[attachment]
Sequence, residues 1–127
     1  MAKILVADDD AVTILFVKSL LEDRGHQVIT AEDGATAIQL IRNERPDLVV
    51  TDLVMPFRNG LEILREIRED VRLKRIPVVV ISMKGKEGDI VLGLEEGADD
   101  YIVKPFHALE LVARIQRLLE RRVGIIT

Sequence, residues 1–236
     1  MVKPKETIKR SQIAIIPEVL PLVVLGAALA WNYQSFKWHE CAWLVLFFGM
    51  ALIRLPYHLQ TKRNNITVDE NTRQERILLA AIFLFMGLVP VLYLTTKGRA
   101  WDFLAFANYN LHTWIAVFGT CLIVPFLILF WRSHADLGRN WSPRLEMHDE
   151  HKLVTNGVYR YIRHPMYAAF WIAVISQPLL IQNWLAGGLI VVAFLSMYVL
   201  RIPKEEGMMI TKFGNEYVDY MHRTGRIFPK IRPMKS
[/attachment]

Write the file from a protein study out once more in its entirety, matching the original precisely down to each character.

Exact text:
Sequence, residues 1–127
     1  MAKILVADDD AVTILFVKSL LEDRGHQVIT AEDGATAIQL IRNERPDLVV
    51  TDLVMPFRNG LEILREIRED VRLKRIPVVV ISMKGKEGDI VLGLEEGADD
   101  YIVKPFHALE LVARIQRLLE RRVGIIT

Sequence, residues 1–236
     1  MVKPKETIKR SQIAIIPEVL PLVVLGAALA WNYQSFKWHE CAWLVLFFGM
    51  ALIRLPYHLQ TKRNNITVDE NTRQERILLA AIFLFMGLVP VLYLTTKGRA
   101  WDFLAFANYN LHTWIAVFGT CLIVPFLILF WRSHADLGRN WSPRLEMHDE
   151  HKLVTNGVYR YIRHPMYAAF WIAVISQPLL IQNWLAGGLI VVAFLSMYVL
   201  RIPKEEGMMI TKFGNEYVDY MHRTGRIFPK IRPMKS